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I am a first year Management & Finance undergrad preparing for my second year Finance courses, given that term 3 and exams have pretty much been cancelled for all British first years.

During that preparation, I am a little bit lost in connecting the dots in option pricing. For option pricing models (binomial, trinomial, Black Scholes) you would need

  • Underlying's price
  • Strike price
  • Current date
  • Expiry date
  • Dividend yield
  • Volatility

Now, what I am stuck with is the volatility and the role of the implied volatility. My problem is that the Black Scholes equation can be used to both calculate the price of an option using the volatility, but also calculate the implied volatility given the option price. How can that work? If I am given the price of an option, it already incorporates the volatility used in the formula. But how would I arrive at the correct option price in the first place when I don't know the implied volatility?

Secondly, I was wondering how exactly options exchanges, say CBOE, arrive at their option prices. If the only information that I am given information is a stock's dividend yield, its entire price history, and the relevant information of an American option like strike price and date of expiry, how would I go about calculating its price? Which volatility would I use?

Thank you very much for your help.

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Your question makes perfect sense; one has to define volatility. Volatility can be used interchangeably for a number of different metrics. Realized volatility - the observed volatility of the underlying asset (and btw, there are many quite different ways of measuring it). Implied volatility - the number you get when you run your option pricer in reverse. Volatility - the number that you put into your option pricer.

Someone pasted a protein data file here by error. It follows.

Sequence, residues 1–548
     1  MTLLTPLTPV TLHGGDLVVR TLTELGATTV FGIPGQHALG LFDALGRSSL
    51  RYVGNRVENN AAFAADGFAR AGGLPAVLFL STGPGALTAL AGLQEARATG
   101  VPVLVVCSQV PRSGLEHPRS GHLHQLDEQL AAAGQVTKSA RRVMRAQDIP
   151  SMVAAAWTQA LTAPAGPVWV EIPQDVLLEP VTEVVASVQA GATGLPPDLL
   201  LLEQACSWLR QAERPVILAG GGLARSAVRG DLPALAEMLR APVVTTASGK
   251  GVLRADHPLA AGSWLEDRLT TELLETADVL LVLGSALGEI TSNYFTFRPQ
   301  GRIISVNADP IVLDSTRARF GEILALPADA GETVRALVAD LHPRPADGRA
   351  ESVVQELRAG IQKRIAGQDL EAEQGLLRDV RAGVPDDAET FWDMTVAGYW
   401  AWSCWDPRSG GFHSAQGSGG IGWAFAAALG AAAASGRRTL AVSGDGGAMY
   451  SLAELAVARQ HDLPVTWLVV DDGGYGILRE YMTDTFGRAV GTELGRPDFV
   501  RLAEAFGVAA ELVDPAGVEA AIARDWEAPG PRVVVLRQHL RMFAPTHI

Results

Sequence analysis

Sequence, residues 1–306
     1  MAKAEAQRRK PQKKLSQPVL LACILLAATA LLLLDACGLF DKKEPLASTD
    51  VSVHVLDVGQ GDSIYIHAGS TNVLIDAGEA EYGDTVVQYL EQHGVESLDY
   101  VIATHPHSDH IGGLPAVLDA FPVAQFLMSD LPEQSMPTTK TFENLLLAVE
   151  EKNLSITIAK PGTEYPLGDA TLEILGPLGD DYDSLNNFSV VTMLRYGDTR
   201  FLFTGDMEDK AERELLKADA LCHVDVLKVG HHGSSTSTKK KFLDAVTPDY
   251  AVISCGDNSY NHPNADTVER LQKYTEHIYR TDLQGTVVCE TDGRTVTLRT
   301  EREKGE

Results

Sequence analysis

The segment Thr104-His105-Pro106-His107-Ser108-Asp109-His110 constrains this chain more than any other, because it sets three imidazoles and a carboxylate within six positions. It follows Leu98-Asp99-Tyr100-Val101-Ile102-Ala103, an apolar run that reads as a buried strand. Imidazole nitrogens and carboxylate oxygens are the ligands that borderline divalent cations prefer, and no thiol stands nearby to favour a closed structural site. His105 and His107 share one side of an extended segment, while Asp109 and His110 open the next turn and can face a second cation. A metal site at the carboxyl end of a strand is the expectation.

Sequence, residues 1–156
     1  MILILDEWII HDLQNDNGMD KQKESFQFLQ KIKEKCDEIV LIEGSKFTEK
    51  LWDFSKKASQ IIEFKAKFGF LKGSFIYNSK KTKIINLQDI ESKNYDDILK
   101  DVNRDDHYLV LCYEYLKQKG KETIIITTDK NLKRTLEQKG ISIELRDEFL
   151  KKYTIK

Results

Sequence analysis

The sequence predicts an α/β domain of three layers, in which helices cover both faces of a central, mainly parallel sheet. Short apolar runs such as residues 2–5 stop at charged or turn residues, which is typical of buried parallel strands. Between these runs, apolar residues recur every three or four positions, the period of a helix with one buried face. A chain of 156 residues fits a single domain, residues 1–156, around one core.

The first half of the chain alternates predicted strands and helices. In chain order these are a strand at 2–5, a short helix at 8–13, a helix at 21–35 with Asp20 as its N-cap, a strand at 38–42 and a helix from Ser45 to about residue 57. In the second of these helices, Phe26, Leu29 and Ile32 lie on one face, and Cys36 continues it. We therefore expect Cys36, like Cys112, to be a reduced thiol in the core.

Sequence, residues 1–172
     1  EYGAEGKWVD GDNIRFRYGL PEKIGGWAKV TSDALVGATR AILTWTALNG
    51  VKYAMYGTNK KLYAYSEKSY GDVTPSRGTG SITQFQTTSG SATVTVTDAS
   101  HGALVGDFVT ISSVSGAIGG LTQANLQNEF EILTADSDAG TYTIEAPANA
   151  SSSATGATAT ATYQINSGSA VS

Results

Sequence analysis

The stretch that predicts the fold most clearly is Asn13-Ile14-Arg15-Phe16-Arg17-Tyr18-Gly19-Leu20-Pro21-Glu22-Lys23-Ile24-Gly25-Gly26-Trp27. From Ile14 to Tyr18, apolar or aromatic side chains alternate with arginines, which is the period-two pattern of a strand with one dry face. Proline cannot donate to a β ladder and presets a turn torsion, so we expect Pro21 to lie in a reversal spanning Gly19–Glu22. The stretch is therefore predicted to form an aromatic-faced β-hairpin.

First question: your difficulty is only one of definition. When using an option model, you put in the volatility parameter that you think is correct. On the other hand, the implied volatility is what someone else put into their model to get their price that is currently being shown in the market. If you don't know the implied volatility, that is another way of saying that you don't know the market price. If you need to price an option without knowing where the market is, you have to come up with your own estimate of volatility to put into it.

Second question: the CBOE or any other exchange does not come up with prices. Those prices are posted at the exchange by traders, usually market makers. They send prices to the exchange where they wish to buy or sell options.

While one could write books about how to price an option in the absence of market pricing, a good start is to measure realized volatility and use that as an input. A good modifier to that would be some sort of a modifier based on upcoming events that impact the volatility and/or pricing of a stock. For instance, a significant economic data release, an earnings report, or an FDA approval process for a biotech.

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    $\begingroup$ Thank you very much, that was really helpful! $\endgroup$ – Whazzup Mar 27 at 13:16
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  1. The basic difference is that for calculating the option's price within the classic BS-framework, you mostly use the historical vol (which is extracted from time series with a model). But this is only a theoretical (arbitrage free) price. At an option's exchange, you will see supply and demand meeting each other. Assuming perfect and efficient capital markets, the price has to incorporate all information, so while in the BS-framework all other parameters are known, vol is just an estimation from a model and therefore the only unknown parameter which could explain any differences in prices.

  2. Also from the 1st question, exchanges generally build prices from meeting supply and demand, not by calculating theoretical prices.

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    $\begingroup$ Thank you very much, that enhanced my understanding of options greatly! $\endgroup$ – Whazzup Mar 27 at 13:16

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